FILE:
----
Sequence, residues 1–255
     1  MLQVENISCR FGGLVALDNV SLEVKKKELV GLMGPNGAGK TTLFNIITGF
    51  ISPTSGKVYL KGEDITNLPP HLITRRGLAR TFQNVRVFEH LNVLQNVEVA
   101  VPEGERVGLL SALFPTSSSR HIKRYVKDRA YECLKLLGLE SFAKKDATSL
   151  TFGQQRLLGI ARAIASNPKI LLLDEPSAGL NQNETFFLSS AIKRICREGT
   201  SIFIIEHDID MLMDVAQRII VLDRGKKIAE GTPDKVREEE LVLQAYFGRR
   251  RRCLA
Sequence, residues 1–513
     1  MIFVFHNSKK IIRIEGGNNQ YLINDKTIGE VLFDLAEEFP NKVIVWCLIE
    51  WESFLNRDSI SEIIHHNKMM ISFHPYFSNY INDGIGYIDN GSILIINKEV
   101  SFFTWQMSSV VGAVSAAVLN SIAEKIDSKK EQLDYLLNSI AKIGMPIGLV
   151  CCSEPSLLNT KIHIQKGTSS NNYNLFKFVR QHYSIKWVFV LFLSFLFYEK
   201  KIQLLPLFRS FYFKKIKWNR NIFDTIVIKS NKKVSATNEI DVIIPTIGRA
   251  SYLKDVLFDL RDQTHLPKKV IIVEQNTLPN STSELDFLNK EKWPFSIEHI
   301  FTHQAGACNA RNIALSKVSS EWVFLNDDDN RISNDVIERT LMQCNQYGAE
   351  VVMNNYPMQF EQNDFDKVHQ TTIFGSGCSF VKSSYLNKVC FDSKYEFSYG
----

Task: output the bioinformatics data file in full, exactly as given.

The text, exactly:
Sequence, residues 1–255
     1  MLQVENISCR FGGLVALDNV SLEVKKKELV GLMGPNGAGK TTLFNIITGF
    51  ISPTSGKVYL KGEDITNLPP HLITRRGLAR TFQNVRVFEH LNVLQNVEVA
   101  VPEGERVGLL SALFPTSSSR HIKRYVKDRA YECLKLLGLE SFAKKDATSL
   151  TFGQQRLLGI ARAIASNPKI LLLDEPSAGL NQNETFFLSS AIKRICREGT
   201  SIFIIEHDID MLMDVAQRII VLDRGKKIAE GTPDKVREEE LVLQAYFGRR
   251  RRCLA
Sequence, residues 1–513
     1  MIFVFHNSKK IIRIEGGNNQ YLINDKTIGE VLFDLAEEFP NKVIVWCLIE
    51  WESFLNRDSI SEIIHHNKMM ISFHPYFSNY INDGIGYIDN GSILIINKEV
   101  SFFTWQMSSV VGAVSAAVLN SIAEKIDSKK EQLDYLLNSI AKIGMPIGLV
   151  CCSEPSLLNT KIHIQKGTSS NNYNLFKFVR QHYSIKWVFV LFLSFLFYEK
   201  KIQLLPLFRS FYFKKIKWNR NIFDTIVIKS NKKVSATNEI DVIIPTIGRA
   251  SYLKDVLFDL RDQTHLPKKV IIVEQNTLPN STSELDFLNK EKWPFSIEHI
   301  FTHQAGACNA RNIALSKVSS EWVFLNDDDN RISNDVIERT LMQCNQYGAE
   351  VVMNNYPMQF EQNDFDKVHQ TTIFGSGCSF VKSSYLNKVC FDSKYEFSYG